Going abroad without a phone teaches you two life lessons. The first life lesson: “how to function abroad without a phone”. Given that this skill isn’t terribly transferrable, I don’t propose to dwell on it for long. The second, nominally useful life lesson: “living in the moment, man”. Where “the moment, man”, is grim, the ability to “live in it” might not be one you wish to exercise. Tough luck, pal. There shall be no backlit touchscreen to guide you through the darker tunnels.
To dispense with the pragmatic: should you forget your phone for a weekend away, you’ll need to let people know that this is the case. That will take two seconds. Whenever you’re going places they aren’t, you’ll also have to make double-sure to apprise them of this and to establish when you’ll see them again. That will take another two seconds per transaction, bringing the total up to perhaps a minute.
If you have a poor sense of direction, then try to outsource the task of finding things to friends who have maps (be they located on a physical piece of paper, on their smartphone or embedded somewhere in their intuition). Also rely on your friends to book things. Also rely on your friends to catch things (trains, flights, buses, or food if you’re vacationing in a particular rustic locale). They will never ever get sick of little old unreliable you and your little old unreliable ways. You will be loved for your quirky inability to keep tabs on your possessions.
Limiting your geographic scope can also be helpful. This is easy if, like me, you’re at a debating competition. The schedule for that generally looks something like: ‘Walk to college campus, do some debates, walk five minutes away for coffee, walk back to college campus, do some more debates’. Interesting and varied activities might be more difficult to co-ordinate sans cellar communication. Sorry.
A shameless social media factotum, I can usually be found Facebook-messaging someone about the article I just retweeted while studiously ignoring emails about my Tumblr inbox. Folding up all these communicative arms and stuffing them into my voicebox was definitely the odder experience of the weekend. For the avoidance of doubt: I don’t mind talking to people. It just seems transient and inefficient when you could be Instagramming them. I am definitely, definitely the twentysomething-year-old technophilic automaton that middle-aged Guardian columnists like to vent about. (Incidentally, if you’re writing one of those articles, feel free to send me on any questions: they usually seem to be produced without any consultation from anyone born after the collapse of the Berlin Wall, so here I am, just a Twitter message away.)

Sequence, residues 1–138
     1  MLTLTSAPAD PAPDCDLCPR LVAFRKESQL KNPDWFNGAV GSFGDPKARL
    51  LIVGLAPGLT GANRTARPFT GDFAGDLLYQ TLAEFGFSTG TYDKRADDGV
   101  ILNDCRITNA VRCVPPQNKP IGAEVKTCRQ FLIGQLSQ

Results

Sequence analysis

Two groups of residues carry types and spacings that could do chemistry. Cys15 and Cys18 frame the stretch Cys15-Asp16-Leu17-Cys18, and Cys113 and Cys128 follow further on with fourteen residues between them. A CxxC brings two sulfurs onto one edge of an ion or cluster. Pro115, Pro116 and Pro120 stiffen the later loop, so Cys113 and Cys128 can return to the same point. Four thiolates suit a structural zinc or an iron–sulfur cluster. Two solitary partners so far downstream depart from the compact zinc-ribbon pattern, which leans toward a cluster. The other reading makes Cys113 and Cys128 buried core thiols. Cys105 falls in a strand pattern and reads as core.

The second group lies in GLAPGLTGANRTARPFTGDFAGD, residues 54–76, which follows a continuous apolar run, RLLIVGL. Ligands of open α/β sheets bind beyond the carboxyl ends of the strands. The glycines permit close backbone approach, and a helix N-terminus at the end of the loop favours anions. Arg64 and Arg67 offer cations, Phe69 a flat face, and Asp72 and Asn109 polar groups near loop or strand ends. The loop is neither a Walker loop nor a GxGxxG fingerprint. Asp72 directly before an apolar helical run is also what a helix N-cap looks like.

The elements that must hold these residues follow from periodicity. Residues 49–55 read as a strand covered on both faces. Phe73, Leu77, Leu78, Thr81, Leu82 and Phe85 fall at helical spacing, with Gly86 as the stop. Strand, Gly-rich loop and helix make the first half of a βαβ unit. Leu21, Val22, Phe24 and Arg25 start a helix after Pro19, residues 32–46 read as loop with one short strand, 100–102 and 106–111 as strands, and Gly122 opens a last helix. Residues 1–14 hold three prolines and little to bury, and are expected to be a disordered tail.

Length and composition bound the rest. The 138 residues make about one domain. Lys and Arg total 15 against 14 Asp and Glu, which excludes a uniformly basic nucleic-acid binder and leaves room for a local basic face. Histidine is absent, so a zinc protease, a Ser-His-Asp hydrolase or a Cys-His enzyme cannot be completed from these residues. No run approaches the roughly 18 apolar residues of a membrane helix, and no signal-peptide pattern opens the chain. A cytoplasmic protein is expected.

You will find yourself making more observations to the tune of “People are perverse and stupid” when you are relentlessly exposed to them and their foibles.
My phoneless experiment was, however, slightly compromised by having a Kindle with me. Here’s another lesson: having a Kindle and nothing else will mean you get reading of some sort done, but it’ll always be the thing you least need to read, even if your compulsory reading is more interesting. English students like to come up with reasons that their degree has spoiled reading for them but that still affirm them as hard-working people: “I can’t stop bringing my newly extensive critical knowledge into everything”, and so on. Actually, I think it’s that making people do things makes them less likely to enjoy those things because people are perverse and stupid.
That’s another ancillary point: you will find yourself making more observations to the tune of “People are perverse and stupid” when you are relentlessly exposed to them and their foibles. You can solve this either by remembering your phone next time or by acquiring a sunny disposition – I ordered one of those but it’s about twenty-two years late in the post.
So to the strangers sitting near me who had conversations about debating that were loud enough to distract me from my reading but not interesting enough to actually follow: thank you for solidifying my intention not to forget my phone next time. And to the lovely bits of London I longed to photograph but couldn’t: thank you as well. To everyone who brought up a minor factual point I that I could have resolved with some speedy smartphone-googling were I in happier technological climes, and maybe if my deprivation had gone on for longer then I could have learned a more fundamental lesson about coping with ambiguity in an age of limitless subjectivity, but as it stands, all I’ve really gotten out of this is that next time I’ll make sure to have a phone so I can resolve the question without throwing human infallibility into crisis: thank you, thank you, thank you.
The ultimate lesson here: bring your phone with you when you’re going away. I suspect, though, that there’s a significant overlap (if not a condition of utter interchangeability) between a) the people who needed this article to tell them that, and b) the people who’ll forget it anyway.
Illustration: Naoise Dolan